There are tons of such ridiculous claims. For instance, I can't track down Daniel Everett's direct claims about the Pirahã people in the Amazon, but his research is frequently reported as saying they "have no concept of time", which is obviously nonsensical. You cannot reason about cause and effect without a concept of time, and there are all kinds of things that existed in humans' evolutionary environment that humans couldn't manipulate without a built-in concept of time: you need a concept of time to track a game animal, to plan to spend the rainy season where the most fruit grows, to resolve paternity disputes. Even without words denoting time, verb tenses, or subordinate clauses, being able to make plans, distinguish between a pattern and an unusual event, or organize a circadian or circannual routine depends on an internal understanding of time.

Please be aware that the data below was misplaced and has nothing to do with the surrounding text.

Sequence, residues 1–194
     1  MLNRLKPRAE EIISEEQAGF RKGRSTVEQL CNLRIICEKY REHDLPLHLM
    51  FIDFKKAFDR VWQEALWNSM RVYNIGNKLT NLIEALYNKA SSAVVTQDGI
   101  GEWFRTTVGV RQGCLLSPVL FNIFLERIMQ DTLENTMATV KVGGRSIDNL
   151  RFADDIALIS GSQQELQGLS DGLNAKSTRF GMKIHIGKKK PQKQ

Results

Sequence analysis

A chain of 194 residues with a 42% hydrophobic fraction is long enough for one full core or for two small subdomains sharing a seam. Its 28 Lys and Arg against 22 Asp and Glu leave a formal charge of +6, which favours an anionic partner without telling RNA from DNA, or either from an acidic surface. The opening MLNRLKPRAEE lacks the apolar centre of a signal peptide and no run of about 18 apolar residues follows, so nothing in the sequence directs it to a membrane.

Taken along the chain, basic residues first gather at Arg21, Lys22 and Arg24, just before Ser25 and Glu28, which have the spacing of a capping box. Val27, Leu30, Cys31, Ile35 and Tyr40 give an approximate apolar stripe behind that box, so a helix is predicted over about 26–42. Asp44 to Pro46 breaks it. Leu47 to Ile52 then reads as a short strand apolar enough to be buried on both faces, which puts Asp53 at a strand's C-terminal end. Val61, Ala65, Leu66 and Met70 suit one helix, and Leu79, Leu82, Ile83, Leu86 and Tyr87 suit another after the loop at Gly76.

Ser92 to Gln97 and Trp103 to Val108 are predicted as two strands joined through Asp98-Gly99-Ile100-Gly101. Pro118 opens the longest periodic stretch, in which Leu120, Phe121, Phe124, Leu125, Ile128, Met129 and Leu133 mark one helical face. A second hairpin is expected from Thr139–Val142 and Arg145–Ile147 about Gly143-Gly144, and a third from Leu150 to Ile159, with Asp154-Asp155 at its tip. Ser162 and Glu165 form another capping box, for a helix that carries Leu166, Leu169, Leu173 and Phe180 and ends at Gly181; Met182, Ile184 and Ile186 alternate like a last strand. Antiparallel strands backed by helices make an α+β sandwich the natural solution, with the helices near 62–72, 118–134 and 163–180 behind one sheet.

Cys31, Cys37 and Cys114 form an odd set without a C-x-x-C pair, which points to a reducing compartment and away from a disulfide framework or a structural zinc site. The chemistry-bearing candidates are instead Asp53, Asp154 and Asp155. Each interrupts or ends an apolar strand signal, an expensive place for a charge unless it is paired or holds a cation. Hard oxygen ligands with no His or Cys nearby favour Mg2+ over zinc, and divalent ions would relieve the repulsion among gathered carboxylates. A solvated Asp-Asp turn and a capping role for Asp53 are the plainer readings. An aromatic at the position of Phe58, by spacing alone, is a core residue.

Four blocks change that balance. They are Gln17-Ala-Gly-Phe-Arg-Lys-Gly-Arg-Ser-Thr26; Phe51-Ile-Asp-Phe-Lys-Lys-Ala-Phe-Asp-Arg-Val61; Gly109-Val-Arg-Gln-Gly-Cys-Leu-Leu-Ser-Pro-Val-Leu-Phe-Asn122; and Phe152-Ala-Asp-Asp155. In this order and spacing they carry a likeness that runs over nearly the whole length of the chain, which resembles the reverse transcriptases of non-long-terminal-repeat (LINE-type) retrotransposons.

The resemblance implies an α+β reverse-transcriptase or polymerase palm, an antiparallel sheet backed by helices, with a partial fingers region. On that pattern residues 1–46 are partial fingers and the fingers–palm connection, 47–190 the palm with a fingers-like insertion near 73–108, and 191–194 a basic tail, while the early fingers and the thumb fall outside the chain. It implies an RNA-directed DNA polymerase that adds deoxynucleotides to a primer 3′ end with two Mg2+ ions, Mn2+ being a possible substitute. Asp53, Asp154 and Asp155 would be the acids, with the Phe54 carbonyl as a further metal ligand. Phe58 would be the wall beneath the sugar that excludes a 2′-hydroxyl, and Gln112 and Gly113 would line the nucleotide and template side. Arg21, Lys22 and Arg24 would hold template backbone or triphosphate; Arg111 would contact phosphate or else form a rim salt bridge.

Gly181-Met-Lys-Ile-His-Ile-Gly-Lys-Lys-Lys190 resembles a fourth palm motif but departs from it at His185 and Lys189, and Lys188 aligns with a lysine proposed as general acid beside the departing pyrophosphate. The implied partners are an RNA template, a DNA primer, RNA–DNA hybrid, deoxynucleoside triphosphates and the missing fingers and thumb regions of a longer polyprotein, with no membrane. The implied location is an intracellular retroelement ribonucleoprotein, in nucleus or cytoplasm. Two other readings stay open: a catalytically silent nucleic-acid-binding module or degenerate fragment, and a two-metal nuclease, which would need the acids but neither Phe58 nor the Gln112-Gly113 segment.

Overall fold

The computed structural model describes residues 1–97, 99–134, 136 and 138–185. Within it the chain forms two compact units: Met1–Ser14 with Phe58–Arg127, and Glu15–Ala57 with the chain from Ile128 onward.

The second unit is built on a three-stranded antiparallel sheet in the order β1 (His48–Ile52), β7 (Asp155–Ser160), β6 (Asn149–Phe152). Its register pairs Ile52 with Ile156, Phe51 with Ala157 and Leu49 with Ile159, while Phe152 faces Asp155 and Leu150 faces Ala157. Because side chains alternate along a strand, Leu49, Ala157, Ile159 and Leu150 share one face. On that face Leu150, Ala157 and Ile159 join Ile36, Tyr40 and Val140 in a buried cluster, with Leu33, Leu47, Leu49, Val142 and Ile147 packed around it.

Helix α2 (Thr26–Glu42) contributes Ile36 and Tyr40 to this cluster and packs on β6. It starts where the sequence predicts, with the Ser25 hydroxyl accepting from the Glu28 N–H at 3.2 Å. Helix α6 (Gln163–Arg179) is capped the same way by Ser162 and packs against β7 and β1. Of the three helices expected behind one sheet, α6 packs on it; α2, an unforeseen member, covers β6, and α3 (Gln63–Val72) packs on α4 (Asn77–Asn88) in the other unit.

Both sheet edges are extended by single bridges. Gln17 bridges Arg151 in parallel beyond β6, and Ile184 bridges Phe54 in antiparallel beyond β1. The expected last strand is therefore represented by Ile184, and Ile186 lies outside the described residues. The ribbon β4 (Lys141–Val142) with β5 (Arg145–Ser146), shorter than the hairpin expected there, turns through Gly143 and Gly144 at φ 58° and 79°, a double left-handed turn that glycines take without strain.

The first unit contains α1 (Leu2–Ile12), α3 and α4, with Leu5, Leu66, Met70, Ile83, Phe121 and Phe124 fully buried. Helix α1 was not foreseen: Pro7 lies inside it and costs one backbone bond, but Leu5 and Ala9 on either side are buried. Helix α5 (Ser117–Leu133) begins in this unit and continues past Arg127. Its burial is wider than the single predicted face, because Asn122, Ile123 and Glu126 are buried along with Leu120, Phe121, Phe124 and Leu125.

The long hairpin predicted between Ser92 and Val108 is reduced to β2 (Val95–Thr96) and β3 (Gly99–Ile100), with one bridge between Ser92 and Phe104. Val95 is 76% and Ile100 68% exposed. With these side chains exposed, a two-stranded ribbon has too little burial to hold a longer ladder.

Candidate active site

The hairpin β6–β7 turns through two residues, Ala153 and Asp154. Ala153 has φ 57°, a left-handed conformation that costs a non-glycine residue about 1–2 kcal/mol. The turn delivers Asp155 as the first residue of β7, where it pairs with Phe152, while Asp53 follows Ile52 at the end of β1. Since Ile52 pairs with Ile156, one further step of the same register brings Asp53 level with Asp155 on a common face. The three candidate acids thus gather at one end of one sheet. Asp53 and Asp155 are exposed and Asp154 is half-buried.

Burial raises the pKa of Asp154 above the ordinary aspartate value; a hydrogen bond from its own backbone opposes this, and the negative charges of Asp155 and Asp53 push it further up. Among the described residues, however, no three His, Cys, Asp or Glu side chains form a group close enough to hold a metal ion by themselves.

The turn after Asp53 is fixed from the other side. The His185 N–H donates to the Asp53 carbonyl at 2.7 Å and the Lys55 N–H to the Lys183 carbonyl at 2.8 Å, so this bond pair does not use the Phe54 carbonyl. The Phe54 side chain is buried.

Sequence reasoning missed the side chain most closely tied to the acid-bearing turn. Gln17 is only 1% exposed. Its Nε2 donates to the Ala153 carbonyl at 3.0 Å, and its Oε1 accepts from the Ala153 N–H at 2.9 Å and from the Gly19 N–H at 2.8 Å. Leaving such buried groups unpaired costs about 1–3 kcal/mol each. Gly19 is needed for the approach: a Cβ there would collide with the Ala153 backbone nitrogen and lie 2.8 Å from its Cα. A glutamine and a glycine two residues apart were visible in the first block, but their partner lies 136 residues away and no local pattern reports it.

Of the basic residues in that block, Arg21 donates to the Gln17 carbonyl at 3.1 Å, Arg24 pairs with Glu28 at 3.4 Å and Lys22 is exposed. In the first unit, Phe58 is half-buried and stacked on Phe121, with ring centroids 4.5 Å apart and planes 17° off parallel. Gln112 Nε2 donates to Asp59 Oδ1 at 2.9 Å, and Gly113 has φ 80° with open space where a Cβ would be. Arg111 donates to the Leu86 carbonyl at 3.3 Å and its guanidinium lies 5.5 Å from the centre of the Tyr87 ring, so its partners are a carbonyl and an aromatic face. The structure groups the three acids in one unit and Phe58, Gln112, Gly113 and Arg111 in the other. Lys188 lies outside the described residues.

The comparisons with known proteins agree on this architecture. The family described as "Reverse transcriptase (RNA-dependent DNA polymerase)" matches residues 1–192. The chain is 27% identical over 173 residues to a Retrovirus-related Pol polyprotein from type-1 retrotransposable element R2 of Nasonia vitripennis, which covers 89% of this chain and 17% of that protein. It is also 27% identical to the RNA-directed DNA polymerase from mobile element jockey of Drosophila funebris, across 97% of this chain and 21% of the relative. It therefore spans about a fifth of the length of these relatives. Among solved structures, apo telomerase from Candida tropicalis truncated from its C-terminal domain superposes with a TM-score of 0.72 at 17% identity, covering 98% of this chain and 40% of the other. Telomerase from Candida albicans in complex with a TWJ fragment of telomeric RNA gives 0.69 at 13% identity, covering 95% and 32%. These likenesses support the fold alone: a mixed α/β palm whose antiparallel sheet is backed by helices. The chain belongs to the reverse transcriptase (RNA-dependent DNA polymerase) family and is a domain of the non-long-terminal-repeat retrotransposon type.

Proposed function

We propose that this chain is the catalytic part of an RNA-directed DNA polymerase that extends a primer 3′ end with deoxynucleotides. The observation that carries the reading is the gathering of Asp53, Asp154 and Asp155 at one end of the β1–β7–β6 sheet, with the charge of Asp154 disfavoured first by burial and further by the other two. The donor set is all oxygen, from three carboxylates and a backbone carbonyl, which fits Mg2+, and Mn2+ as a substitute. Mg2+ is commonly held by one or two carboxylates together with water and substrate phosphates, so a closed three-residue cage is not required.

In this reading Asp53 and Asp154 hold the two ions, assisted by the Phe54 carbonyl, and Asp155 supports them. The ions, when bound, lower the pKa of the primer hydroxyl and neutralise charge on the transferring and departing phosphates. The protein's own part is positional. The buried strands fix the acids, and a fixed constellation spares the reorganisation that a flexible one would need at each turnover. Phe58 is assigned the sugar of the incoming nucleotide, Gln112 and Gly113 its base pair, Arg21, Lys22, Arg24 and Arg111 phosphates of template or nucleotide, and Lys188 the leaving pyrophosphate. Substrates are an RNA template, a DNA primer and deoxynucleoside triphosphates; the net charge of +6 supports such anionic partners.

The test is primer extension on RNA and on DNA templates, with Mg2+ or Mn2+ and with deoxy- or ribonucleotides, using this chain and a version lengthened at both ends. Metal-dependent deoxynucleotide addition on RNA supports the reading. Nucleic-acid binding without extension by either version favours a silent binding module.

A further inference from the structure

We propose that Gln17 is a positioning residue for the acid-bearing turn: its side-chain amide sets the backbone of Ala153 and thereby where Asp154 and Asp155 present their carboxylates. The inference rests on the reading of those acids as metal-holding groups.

Excellent. For an influential segment of the left, regulating language seems to be the only instrument of political activism they know, with the predictable fallout described at the end of the article.
Orwell was right. Controlling language can make some concepts slightly more or less accessible, but it doesn't actually prevent people from thinking of with those concepts (or disagreeing with them, depending on which end of the scales one puts their thumb). Making people use your preferred language is, however, an effective way to humiliate them and demonstrate your power.